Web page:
Monthly Archives: August 2014

Tracing Cherokee Ancestors

Several years, ago – we’re talking in the decades now – before the internet and e-mail….you know, back in the dark ages…I visited the Muskogee County Genealogical Society in Muskogee, OK. I was that certain that my oral family history … Continue reading

Posted in Cherokee, Chickasaw, Choctaw, Creek, Seminole | 6 Comments

The Last Wukchumni Speaker

In central California, before the European arrived, it’s estimated that there were 50,000 Wukchumni speakers.  Today, there is only one, Marie Wilcox, born in 1932, who is making a dictionary of this language so it won’t be entirely lost, while teaching her daughter … Continue reading

Posted in Yokuts | Leave a comment

George Galphin’s 1776 Will

In South Carolina’s McMullan’s Law Reports, from Nov 1840-May 1842, we find only one document of interest regarding Native Americans.   But that article is indeed, VERY interesting. A will, sworn and signed in April of 1776 by George Galphin is … Continue reading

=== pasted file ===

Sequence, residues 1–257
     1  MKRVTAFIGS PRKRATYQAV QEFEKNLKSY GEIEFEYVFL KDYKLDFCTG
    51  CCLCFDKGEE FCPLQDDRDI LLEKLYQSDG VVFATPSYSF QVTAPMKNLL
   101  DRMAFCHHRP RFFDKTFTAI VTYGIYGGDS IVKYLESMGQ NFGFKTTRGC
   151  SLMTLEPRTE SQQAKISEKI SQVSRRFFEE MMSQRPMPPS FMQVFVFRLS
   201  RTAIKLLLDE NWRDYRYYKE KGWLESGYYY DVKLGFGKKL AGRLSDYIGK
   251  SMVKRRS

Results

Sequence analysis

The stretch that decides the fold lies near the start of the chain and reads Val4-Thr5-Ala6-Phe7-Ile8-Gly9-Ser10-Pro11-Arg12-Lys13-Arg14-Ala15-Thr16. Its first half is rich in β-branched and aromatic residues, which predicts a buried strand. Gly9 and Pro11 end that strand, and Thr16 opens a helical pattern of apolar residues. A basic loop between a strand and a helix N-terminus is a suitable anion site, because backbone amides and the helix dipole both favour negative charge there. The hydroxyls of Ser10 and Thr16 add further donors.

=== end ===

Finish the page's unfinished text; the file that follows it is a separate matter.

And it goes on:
Posted in Creek | 3 Comments

Indigenous Law Portal

Recently, the Library of Congress introduced the Indigenous Law Portal as a gathering place for legal documents pertaining to the indigenous people of the Americans.  Today, they are working on the US states, but they will be adding Canadian First … Continue reading

Posted in Laws | Leave a comment

Edward Curtis, Shadow Catcher, Photographer of Native Americans

Many of the images we have of Native Americans today, we have only thanks to Edward Sheriff Curtis (1868-1962), a man with a mission.  His life work was to photograph and document the Native American Indian and their disappearing culture. Curtis … Continue reading

Posted in History, Photography | 1 Comment

Indian Land Cessions Maps

This collection provides maps of the land cessions made by American Indian Nations during the interval between the formal establishment of the United States and 1894. It consists of all sixty-seven maps from Indian Land Cessions in the United States, … Continue reading

Posted in History, Maps | Leave a comment